Japan bills freed hostages

Japan's government has billed three former hostages held in Iraq and their relatives at least $21,700 towards the cost of bringing them home safely.

    Hostage relatives may not be so pleased with the price-tag

    A foreign ministry official said on Monday the huge bill was "for air transportation and other costs".
    The "other costs" relate to a medical check up in Dubai before flying to Japan with two relatives and a lawyer.
    The three - an anti-war activist, an aid worker and a journalist - arrived home traumatised in a blaze of publicity on 18 April after a week-long ordeal at the hands of their Iraqi captors.
    Amid an extraordinary backlash criticising them for being "reckless" and for costing the government time and money, they later released a statement apologising for causing trouble to the nation.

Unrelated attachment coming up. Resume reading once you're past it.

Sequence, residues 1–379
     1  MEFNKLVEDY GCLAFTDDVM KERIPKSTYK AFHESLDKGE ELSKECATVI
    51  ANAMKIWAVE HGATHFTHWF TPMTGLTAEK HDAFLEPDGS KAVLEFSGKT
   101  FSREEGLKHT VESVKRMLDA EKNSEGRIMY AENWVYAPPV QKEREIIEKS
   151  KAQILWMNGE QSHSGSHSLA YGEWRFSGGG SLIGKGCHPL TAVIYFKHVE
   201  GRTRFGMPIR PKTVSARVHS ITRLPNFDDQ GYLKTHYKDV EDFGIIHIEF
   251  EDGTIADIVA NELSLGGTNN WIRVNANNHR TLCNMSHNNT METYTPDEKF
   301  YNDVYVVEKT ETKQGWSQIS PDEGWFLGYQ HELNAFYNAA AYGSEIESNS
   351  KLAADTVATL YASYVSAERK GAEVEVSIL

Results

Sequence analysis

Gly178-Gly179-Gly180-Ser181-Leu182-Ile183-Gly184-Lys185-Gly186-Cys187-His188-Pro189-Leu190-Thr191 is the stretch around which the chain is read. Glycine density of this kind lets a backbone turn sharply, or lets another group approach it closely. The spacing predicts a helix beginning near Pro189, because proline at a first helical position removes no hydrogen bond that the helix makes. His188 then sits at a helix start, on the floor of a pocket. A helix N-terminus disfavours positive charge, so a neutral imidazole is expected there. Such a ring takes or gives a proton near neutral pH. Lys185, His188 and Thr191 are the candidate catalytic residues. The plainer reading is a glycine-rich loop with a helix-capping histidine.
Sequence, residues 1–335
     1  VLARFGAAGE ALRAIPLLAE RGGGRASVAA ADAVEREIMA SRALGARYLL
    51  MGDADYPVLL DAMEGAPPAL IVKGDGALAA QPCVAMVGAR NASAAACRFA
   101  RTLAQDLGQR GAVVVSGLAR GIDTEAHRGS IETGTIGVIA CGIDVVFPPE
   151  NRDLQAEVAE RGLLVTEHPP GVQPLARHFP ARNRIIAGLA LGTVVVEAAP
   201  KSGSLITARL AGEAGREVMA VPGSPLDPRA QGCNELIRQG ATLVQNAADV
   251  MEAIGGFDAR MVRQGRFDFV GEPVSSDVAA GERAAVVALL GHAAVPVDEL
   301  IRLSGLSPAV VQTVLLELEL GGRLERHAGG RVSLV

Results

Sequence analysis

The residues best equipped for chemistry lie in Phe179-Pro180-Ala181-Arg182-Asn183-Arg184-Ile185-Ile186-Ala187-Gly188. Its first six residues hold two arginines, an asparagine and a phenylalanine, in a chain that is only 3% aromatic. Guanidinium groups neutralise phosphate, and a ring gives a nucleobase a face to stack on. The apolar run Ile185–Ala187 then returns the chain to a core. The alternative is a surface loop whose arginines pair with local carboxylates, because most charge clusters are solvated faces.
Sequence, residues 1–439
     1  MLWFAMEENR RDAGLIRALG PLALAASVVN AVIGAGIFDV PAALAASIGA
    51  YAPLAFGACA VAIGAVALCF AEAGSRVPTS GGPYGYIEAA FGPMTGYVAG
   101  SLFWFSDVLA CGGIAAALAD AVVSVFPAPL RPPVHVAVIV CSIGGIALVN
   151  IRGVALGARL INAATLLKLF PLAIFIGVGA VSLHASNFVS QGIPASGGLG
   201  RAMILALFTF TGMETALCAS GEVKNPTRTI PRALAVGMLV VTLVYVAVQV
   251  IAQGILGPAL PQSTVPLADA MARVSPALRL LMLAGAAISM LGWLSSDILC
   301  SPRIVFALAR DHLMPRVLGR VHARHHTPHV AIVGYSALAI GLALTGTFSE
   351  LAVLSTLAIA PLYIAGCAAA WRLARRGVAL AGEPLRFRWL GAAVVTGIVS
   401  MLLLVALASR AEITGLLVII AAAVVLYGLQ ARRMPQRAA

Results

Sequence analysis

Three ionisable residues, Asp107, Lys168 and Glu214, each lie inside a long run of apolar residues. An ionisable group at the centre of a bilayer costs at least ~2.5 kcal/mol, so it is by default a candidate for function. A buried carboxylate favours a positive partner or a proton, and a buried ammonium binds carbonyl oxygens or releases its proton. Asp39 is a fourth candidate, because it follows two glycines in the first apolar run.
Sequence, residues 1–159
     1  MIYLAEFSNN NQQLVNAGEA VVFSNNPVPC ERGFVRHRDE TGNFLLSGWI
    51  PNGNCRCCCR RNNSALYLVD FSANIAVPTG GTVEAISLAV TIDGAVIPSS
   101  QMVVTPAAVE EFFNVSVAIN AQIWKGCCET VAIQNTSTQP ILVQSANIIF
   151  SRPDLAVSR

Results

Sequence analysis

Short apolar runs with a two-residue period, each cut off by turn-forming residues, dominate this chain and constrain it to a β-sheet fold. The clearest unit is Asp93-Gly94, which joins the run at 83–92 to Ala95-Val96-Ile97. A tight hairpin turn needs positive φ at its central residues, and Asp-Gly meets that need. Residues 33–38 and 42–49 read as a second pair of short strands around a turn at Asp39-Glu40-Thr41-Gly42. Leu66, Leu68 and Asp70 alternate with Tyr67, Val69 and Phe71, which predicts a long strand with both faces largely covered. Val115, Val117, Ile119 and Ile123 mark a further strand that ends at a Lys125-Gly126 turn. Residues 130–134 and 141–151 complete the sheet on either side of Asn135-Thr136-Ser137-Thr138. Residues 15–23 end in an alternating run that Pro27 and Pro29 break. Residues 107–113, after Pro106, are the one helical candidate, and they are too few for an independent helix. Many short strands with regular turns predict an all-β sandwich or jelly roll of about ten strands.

Expensive kidnapping

    A lawyer for the group, Sayo Saruta, said they had already paid a total of $4000 in hotel and medical fees.
    They will also pay a total of $18,200 for round trips between Tokyo and Dubai for the relatives and lawyer and one-way air fares for the three, he said.
    Two other Japanese hostages - a journalist and peace activist - were also released unharmed in Iraq on 17 April.



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